• SILVER and GOLD. ummmm….. Well I think along the lines of water that I will be able to drink, purified water, and I think food that I can eat without having electricity in case of an EMP. I think of basic medicine and supplies also. I know that it’s supposed to be good but if you can’t find anyone to buy it and you have no water, food or your basic needs then what good is that?????

  • Daisy, maybe you will give me a reply to this question. I can’t get investment managers to do it so here goes: if we invest in precious metals all the government has to do is pass a law or sign an executive order banning or confiscating them. It has been done in the past, what’s to stop it from happening again? I wouldn’t put it past them.

    • Obviously I could never advise you to break the law. Everything in this comment is simply food for thought.

      First of all, there are ways of purchasing things that don’t leave a trail. While I do buy some from the people I mentioned, I also have other stuff I’ve picked up from pawn shops and private sales over the years.

      Secondly, keep in mind that when FDR federalized it before it was buillion and bars. Not “personal jewelry.” I have long called jewelry my “gypsy savings plan” because that is how the Roma have always transported their wealth. In ancient times, cherished women were given gifts of gold and silver jewelry so that they might have some wealth of their own.

      None of these methods of putting back gold and silver is illegal in the slightest.

      OPSEC is of the utmost importance here. You don’t want to run around letting anyone know that you have bars stacked to the ceiling in your bathroom closet. Nor, if you aren’t a blogger who writes about this stuff, do you want it to be well-known that you’re an advocate for precious metals. Keep it hush-hush.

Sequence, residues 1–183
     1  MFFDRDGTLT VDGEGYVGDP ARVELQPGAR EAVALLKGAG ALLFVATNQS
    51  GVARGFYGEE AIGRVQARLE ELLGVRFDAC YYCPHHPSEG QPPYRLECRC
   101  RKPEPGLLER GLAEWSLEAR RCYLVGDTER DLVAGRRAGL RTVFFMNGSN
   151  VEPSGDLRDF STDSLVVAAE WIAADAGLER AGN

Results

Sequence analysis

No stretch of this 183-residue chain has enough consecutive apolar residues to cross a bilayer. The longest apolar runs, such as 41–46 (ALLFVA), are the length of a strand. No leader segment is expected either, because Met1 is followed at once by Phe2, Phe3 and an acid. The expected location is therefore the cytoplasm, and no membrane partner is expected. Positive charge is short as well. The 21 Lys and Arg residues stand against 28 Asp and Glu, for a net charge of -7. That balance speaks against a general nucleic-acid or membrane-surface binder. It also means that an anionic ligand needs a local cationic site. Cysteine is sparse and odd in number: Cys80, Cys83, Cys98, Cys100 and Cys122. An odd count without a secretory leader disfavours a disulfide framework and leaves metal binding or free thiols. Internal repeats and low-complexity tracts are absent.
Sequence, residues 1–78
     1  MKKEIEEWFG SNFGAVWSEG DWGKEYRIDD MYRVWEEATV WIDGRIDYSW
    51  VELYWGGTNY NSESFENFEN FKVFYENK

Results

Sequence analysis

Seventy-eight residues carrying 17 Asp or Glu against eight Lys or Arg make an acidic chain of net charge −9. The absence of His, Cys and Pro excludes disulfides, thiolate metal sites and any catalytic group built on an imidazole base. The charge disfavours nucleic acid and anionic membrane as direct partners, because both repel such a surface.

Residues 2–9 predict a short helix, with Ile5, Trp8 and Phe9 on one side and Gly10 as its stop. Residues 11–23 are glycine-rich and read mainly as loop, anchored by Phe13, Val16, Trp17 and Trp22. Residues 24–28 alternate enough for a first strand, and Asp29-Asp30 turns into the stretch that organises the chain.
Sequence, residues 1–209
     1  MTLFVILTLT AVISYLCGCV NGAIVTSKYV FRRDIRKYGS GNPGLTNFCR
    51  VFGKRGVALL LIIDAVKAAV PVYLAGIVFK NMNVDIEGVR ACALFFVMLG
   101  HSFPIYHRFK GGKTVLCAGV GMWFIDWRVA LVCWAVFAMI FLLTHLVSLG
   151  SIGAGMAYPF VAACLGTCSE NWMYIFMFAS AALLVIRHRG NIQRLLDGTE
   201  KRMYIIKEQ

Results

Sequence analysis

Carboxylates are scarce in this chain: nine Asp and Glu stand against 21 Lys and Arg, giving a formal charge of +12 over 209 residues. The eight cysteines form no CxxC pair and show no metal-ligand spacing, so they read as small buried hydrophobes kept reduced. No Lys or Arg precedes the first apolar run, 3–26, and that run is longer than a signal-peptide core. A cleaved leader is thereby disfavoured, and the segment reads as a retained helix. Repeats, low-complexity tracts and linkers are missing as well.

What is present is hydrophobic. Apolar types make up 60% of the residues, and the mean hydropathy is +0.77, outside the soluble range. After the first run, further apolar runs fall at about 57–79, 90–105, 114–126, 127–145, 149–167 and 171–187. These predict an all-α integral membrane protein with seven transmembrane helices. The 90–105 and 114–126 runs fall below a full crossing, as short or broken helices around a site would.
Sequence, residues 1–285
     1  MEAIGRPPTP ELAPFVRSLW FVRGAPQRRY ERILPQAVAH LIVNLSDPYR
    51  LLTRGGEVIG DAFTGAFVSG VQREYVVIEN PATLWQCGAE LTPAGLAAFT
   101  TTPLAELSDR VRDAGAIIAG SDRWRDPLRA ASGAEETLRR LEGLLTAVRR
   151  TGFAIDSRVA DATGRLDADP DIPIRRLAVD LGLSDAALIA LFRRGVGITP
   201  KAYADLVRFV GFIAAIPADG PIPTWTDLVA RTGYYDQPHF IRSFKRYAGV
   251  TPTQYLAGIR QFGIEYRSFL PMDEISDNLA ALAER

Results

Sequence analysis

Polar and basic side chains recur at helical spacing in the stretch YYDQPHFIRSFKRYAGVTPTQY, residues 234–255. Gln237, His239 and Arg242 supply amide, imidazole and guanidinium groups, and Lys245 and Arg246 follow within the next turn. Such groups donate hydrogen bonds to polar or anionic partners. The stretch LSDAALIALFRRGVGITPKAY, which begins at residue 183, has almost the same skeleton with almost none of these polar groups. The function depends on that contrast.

Finally, much like gun confiscation, it’s highly unlikely that they’re going to thoroughly search every home in America for this contraband. There simply isn’t the manpower. You can store gold other places than your home safe. You can have a dummy safe with a handful of things and have the real safe better hidden. But just remember that if such a law passed requiring you to turn in your metals, by hiding gold you are definitely risking prosecution if you’re caught.

      I realize this isn’t a perfect answer – I don’t think there is one.

      There’s absolutely nothing to stop them from banning it again, but if they do, the time to have purchased it and stashed it away has long passed. So if you WERE going to make a move to gold, you’d want to do so while it was still legally available to be purchased.

    • Look into “junk” silver coins, which are pre-1964 legal tender dimes, quarters and half dollars, made of 90% silver, 10% other metals.

      They are still accepted at face value everywhere and are still found occasionally in circulation.
      However, they have value for barter at whatever the current price of silver per ounce is, less 10%.
      So if silver is worth $10/oz, then one ounce of junk silver is worth $9.

      They are in smaller denominated sizes than gold coins and are useful for smaller transactions, they are clearly marked as to face value and are a store of value, being silver.

      And they are legal tender.

  • I started getting a bit complacent myself, especially when i saw eggs for $10 for 5 dozen instead of $35, but a $28 check my credit union wouldn’t cash and a “Q&A” session with my credit union lit a fire under my ass this past April.
    I have a credit union outta Houston, where I used to live. Had this credit union for decades after we made the choice to leave Chase. They “chased us away” pun intended, with their fees and overreach into our personal al finances.
    Credit union had a Q&A session for members, but it was basically to let us know they were going to be shutting down some branches, rewarding members for their social credit scores and carbon footprints, as well as talked about possibility everything going digital over next few years. They never answered me about the fed coin Biden bucks crap coming in July with that executive order signed in March of 2020 by puppet obiden.